Is Michael Schumacher having an extended senior moment? He returned to Formula 1 last year with fanfare and high expectations, but thus far his ostensibly triumphant return has been something of a bust. It has taken him a year and a bit to grow reacquainted with the sport of which he was once the acknowledged king, but, unfortunately, he has never quite found his old pace.
Last year, the Bridgestone tires were offered as an excuse. This year, there are no excuses…except for the ineluctable passage of time, and the aging of one’s neural networks.
Former F1 driver and Schumi team mate Johnny Herbert recently told Abu Dhabi’s The Nation, “I would not be surprised if my old team-mate Michael Schumacher retires for good at the end of the season. [He] did not return to Formula One just to make up the numbers. He came back to win races and add titles to his already impressive career statistics. It has not happened, and the simple fact is that he is no longer the best driver on the track.”
Herbert went on to express a minority opinion. Herbert accepts the increasingly common view that Schumi simply can’t keep up with the youngsters in the sport, however, unlike many who believe that the German has lost his edge, Herbert has asserted that Schumi is has good as he’s ever been.
“Schumacher has not lost any of his skill,” said Herbert. “The new generation of young drivers are just better than him.”
Personally, I would say this is pure rubbish. For one thing, although Schumi has had challenging skirmishes with the likes of Sebastian Buemi and Vitaly Petrov lately, it’s hard to believe that he wouldn’t have made short work of these midfield runners during his hey day.
Also, there’s the plain and simple fact that Schumi is in his early forties. Both Alain Prost and Nigel Mansell made f1 comebacks during when they were fortyish, after hiatuses of a bit less than two years, and neither driver appeared to be quite the driver that he’d been several years earlier.
True, Prost won his final title during his comeback season, but he was driving a Williams when they were still at their zenith, and team mate Damon Hill had been directed to play a support role to the Frenchman. That said, it was also true that Hill was clearly quicker at times than Prost was, which never would have happened just a few years earlier.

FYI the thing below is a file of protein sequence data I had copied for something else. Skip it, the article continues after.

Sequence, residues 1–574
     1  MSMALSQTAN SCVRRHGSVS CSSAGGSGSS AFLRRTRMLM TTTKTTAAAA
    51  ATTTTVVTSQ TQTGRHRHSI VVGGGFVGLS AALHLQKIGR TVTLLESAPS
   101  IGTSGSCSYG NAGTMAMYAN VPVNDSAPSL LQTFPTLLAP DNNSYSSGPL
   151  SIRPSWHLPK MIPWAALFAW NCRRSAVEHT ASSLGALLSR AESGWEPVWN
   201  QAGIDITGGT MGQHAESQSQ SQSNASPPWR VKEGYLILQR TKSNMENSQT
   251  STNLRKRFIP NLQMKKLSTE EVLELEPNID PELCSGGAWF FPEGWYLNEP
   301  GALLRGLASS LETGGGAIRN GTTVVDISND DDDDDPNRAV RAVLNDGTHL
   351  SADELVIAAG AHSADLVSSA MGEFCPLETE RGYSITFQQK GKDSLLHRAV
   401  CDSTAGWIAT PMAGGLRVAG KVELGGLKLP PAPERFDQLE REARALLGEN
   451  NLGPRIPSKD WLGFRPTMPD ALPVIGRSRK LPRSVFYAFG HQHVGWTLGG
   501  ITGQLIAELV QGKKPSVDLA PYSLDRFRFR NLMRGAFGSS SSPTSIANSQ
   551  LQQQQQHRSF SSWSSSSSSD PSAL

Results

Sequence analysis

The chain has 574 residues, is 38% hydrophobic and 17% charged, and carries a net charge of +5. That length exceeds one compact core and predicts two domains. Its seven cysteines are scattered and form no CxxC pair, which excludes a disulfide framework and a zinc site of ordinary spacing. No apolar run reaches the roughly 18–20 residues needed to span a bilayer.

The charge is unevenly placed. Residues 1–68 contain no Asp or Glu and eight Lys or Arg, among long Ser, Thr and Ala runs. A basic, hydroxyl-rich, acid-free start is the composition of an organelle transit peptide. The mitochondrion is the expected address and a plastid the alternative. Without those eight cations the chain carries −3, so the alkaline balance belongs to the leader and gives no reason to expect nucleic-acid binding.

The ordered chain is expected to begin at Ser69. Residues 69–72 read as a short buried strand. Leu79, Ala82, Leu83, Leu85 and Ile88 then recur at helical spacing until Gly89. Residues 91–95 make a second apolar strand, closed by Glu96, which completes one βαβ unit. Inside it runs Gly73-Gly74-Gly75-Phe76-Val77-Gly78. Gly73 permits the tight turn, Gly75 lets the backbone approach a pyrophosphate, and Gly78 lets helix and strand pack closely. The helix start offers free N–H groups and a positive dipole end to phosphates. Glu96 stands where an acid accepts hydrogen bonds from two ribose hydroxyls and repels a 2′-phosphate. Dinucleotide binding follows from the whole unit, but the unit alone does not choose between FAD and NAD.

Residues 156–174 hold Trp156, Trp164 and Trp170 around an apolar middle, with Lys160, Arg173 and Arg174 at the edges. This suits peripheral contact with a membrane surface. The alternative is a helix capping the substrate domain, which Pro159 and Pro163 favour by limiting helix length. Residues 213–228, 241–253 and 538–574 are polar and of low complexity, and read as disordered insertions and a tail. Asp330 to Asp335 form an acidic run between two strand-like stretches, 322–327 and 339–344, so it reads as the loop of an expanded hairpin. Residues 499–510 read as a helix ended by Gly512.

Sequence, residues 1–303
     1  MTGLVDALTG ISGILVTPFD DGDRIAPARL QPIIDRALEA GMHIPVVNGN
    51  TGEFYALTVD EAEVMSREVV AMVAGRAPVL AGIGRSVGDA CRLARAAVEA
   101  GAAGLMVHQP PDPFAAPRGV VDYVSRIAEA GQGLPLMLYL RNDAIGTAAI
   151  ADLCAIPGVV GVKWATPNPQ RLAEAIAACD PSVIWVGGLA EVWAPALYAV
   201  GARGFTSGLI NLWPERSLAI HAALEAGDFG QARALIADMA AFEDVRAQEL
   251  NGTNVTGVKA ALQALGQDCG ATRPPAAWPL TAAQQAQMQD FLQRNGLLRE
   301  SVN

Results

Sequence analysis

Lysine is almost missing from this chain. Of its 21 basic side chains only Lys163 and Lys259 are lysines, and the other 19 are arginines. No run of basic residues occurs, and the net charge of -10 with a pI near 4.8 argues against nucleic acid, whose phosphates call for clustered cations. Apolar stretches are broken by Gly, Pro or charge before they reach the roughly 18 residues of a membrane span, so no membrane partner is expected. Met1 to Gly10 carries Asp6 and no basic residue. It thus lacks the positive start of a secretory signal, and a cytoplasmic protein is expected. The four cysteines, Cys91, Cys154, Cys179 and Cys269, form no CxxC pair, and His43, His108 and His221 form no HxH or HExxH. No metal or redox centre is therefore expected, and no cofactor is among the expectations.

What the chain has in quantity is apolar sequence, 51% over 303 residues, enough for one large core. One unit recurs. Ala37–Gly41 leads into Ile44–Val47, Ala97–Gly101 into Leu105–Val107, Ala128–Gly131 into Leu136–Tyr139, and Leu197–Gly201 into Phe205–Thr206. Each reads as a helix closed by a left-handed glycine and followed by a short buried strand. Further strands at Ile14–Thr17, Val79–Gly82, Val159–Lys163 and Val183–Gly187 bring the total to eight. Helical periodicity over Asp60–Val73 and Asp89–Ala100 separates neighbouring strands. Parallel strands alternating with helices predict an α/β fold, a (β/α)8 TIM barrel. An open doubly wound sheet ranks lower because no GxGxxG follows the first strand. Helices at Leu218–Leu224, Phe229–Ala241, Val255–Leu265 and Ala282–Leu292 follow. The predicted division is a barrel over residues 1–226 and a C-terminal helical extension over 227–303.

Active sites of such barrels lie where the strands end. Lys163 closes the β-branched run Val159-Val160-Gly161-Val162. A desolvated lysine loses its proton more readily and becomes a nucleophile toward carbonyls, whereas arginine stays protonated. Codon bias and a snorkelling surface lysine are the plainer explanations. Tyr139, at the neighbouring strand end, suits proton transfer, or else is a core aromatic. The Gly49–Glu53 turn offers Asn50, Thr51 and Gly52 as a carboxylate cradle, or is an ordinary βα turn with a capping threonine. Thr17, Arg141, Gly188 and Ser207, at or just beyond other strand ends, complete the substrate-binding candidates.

So, on the whole, Herbert’s criticism seems a bit strange. On the other hand, I think he’s always been a bit rankled at having been given second class treatment at Benetton when Schumi was the favorite son at that team. Perhaps a residual rancor has fueled his remarks.
Former F1 star David Coultard has offered a different view. “Taking his cue from Schumacher’s remark that the “big joy” had been missing from his recent race day in Istanbul (during which he seemed to bounce from one midfield skirmish to another), the former McLaren pilot said, “He’s not performing at the same level of his team-mate, that’s a fact. Nico [Rosberg] is getting more out of that car than Michael. I don’t think we should write Michael off by any stretch of the imagination, there’s a lot of talent there, but he must be asking himself questions.”
Coultard went on to compare Schumacher’s predicament to the one he faced during his last active season in the sport: “I think the key thing is he’s not enjoying it, and to be perfectly open and honest with you there was an element of that for me at the beginning of 2008. I wasn’t as competitive as I felt I should be, I wasn’t enjoying the races as much as I used to, and then that’s the moment.”
Ultimately, Coultard said, the hourglass wins. “It slowly builds until you look in the mirror and realise that feeling you’ve been having for a few weeks or months is the internal message. You can’t hold back the clock.”
I think Coultard’s analysis is more credible than Herbert’s. Once should remember that when Schumi was a young hot shoe at Benetton during the early nineties, he held his own impressively with the best of that era, i.e. Ayrton Senna, Alain Prost, Nigel Mansell and Nelson Piquet, Sr. He was a regular feature on the podium, even when his car was inferior. He was hailed by many to be the new Senna, and, indeed, he surpassed all of his idol’s old records.
Time and the aging process seem to be the culprits here. Whether Schumi can come to grips with them remains to be seen. Of course, as Norbert Haug recently said, part of the reason that Schumacher is subject to so much criticism now is because he set the bar so high for himself in years gone by.